Bela Kun

The Birth-Pangs of the Revolution

First Published: Pravda June 27, 1918
Source: International Socialist Library No. 15, Revolutionary Essays by Bela Kun, B.S.P., London.
Transcription/Markup: Brian Reid
Proofreader: Chris Clayton
Public Domain: Marxists Internet Archive (2005). You may freely copy, distribute, display and perform this work; as well as make derivative and commercial works. Please credit “Marxists Internet Archive” as your source.

The communiques from the internal front of the Austro-Hungarian monarchy daily give us further and further hope. The defeat on the Italian front is not the result of the strength of the Italian Army. On the contrary, it is brought about by the sharpening of the conflict on the internal front. The troops which have fought blindly and senselessly for years, in the cause of imperialism, are now deliberately surrendering. In Austria-Hungary there has at last arisen a yearning for the defeat of one's own imperialism. This denotes already a high level of development of the revolutionary consciousness.

Simultaneously with the news of defeats on the Italian front information has arrived, from the internal front, concerning bloody repression in Hungary. “The factories are idle,” declares the Premier Wekerle; “just at the moment when their intensive activity is required.”

This is a patent symptom that, by the undermining of war industry, the workers are instinctively striking for the defeat and dissolution of the military State institutions of their “own” imperialists, in order to clear the path in this way for the revolution. The refusal to accord the most elementary rights to the proletariat raises these waves still higher. The immediate political cause of the recent explosion was the project of electoral reform proposed by Tisza, which annuls all the solemn promises hitherto given. All the efforts of the official Hungarian Social-Democratic Party were directed only towards the achievement of electoral reform. They were attempting to divert the working-class movement into “legal” channels, and thereby were hindering the development of the revolution. But objective conditions broke up these artificial channels, and the workers have begun to use semi-legal methods of struggle. The last events show us that the Government has to suppress the workers’ revolts “with blood and iron.”

At Budapest, where the movement assumed an extremely threatening character, the Government invoked the assistance of the gendarmes, of whose good offices they had availed themselves hitherto only to maintain order in the villages. In them lie all the hopes of the Government at the present moment, as it is no use counting on the soldiers: they are the worst firebrands of the revolutionary movement.

But the weapon is two-edged, and the repressions of the gendarmes render existing antagonisms still more acute. During the last demonstrations at Budapest four workers were killed, while the wounded are reckoned by scores. This measure will still more rapidly force the workers to forsake the peaceful path of the struggle for the franchise. From day to day the conditions for an armed uprising of the masses become more and more mature.

At Pecs, one of the principal industrial and mining centres of Hungary, the soldiers of the 48th Reserve Infantry Regiment shot their colonel and several officers. On the other side of the Danube, in Western Hungary, the soldiers secretly removed from their barracks arms and ammunition.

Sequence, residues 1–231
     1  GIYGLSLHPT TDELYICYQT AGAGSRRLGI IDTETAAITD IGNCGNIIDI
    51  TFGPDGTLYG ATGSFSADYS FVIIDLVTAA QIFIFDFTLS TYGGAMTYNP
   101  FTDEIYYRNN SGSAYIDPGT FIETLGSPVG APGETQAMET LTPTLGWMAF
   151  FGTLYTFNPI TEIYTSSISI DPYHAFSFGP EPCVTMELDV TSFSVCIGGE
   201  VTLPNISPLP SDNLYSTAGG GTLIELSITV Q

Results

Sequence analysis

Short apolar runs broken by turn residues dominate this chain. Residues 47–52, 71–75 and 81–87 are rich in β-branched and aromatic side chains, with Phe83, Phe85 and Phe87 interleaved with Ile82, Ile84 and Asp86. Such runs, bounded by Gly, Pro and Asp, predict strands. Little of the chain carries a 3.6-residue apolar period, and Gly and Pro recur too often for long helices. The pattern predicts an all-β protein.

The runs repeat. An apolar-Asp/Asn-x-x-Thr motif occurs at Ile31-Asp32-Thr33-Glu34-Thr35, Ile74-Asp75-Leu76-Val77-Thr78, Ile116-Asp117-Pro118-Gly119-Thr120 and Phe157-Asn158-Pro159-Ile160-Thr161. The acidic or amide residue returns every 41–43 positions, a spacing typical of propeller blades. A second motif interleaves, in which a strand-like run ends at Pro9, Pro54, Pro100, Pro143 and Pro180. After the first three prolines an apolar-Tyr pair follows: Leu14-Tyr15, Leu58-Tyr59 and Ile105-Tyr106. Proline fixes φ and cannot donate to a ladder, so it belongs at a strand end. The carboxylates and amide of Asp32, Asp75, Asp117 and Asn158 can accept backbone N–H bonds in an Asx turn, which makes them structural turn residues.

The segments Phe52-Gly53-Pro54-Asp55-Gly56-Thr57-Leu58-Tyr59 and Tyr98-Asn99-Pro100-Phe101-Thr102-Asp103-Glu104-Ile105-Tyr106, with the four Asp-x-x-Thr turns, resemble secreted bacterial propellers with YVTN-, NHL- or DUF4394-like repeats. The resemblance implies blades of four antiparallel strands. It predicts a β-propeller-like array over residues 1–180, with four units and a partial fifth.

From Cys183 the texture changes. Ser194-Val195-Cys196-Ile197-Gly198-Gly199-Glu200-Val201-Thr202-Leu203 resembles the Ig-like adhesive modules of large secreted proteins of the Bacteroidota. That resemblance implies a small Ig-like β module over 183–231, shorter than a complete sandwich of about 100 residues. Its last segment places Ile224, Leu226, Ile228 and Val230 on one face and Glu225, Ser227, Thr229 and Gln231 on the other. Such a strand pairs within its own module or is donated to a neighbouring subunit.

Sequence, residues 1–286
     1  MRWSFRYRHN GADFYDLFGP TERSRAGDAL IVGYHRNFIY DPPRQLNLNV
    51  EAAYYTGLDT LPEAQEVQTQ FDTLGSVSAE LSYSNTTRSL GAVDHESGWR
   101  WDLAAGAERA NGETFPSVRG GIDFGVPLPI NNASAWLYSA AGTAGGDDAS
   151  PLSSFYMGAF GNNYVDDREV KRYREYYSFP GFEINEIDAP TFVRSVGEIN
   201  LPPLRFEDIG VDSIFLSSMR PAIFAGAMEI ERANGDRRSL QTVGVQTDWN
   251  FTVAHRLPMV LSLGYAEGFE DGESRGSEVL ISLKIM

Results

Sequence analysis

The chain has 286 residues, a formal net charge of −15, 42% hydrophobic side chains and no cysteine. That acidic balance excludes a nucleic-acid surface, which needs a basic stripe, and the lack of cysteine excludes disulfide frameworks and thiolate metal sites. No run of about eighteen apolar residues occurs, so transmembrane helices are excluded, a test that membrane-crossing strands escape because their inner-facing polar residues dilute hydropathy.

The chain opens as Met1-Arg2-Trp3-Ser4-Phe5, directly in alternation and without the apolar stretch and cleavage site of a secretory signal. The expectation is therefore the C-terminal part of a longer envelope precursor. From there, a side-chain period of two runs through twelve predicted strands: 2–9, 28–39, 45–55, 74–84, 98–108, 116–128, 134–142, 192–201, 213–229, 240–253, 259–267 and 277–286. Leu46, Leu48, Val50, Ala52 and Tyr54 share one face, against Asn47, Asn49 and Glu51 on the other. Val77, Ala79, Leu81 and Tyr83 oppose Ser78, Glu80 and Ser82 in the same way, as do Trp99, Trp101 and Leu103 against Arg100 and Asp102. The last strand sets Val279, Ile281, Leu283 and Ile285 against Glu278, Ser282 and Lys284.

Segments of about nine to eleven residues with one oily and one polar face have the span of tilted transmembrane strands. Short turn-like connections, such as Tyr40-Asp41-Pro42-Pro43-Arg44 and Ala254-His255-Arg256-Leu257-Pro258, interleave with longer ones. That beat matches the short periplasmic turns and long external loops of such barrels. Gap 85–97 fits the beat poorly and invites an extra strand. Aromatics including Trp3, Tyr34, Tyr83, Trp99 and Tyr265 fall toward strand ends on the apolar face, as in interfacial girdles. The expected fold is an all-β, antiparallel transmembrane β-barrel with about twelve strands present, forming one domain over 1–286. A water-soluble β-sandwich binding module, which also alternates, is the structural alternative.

Returned internationalist prisoners of war, carrying on revolutionary agitation, are subjected to the most savage persecution.

The Government may possibly improve the economic position of the workers to a certain extent; but politically it is quite incapable of making the slightest concession to them. The composition of the Governmental parties precludes the possibility of any modifications whatsoever in the Tisza-Wekerle project of electoral reform. In those parties are represented not only the semi-feudal aristocrats, but also the rich peasants and manufacturers, compulsorily organised nowadays into manufacturers’ associations.

The new project for the compulsory amalgamation of large industrial enterprises, the indirect tax on corn, and the mill monopoly, as a means for uniting the financial and landed aristocracy — all this reduces the proletariat to a condition from which no electoral reform can rescue it. Thanks to this condition, all sections of the lower middle class, as well as the proletariat, have been brought to a state of desperation.

The country has been handed over, lock, stock, and barrel, to the German militarists. The promises and pacifist declarations of Count Czernin could only for a short time keep the people in a state of deception, even with the efforts to the same end of the official representatives of the working-class movement.

The recent meetings and strikes, however, prove that the masses are about to take over the question of peace into their own hands.

That is a sketch of the general situation in Hungary. The new Minister of the Interior is trying to calm the frightened bourgeoisie by telling them that the soldiers’ mutinies will be suppressed by the most drastic means. But there are no longer any reliable troops available for this purpose. In one small town in Bohemia, lately, the following incident occurred. The 68th Infantry Regiment, which hitherto had been considered trustworthy, and which was specially ear-marked for the work of crushing the Czech revolutionary movement at Prague, suddenly went over to the side of the workmen on strike.

The new alliance with Germany is reviving the movement in the Austrian half of the Dual Monarchy as well. The unsuccessful offensive against Italy is there, too, bearing its revolutionary fruit.

The condition of the Austro-Hungarian monarchy clearly points to the fact that the birth-pangs of the revolution have begun.